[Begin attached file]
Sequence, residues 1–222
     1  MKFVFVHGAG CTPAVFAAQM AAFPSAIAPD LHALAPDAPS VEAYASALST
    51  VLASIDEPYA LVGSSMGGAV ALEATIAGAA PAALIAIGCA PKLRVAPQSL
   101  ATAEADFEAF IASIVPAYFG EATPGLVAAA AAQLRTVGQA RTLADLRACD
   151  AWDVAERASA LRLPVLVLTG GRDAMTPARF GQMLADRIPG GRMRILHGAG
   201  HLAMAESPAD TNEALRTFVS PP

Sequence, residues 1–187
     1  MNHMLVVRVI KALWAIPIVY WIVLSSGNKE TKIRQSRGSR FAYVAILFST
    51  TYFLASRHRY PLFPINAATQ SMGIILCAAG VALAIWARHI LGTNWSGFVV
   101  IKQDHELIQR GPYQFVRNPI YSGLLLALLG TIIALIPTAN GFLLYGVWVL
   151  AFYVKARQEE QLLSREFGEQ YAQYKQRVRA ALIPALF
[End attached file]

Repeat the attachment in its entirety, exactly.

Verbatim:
Sequence, residues 1–222
     1  MKFVFVHGAG CTPAVFAAQM AAFPSAIAPD LHALAPDAPS VEAYASALST
    51  VLASIDEPYA LVGSSMGGAV ALEATIAGAA PAALIAIGCA PKLRVAPQSL
   101  ATAEADFEAF IASIVPAYFG EATPGLVAAA AAQLRTVGQA RTLADLRACD
   151  AWDVAERASA LRLPVLVLTG GRDAMTPARF GQMLADRIPG GRMRILHGAG
   201  HLAMAESPAD TNEALRTFVS PP

Sequence, residues 1–187
     1  MNHMLVVRVI KALWAIPIVY WIVLSSGNKE TKIRQSRGSR FAYVAILFST
    51  TYFLASRHRY PLFPINAATQ SMGIILCAAG VALAIWARHI LGTNWSGFVV
   101  IKQDHELIQR GPYQFVRNPI YSGLLLALLG TIIALIPTAN GFLLYGVWVL
   151  AFYVKARQEE QLLSREFGEQ YAQYKQRVRA ALIPALF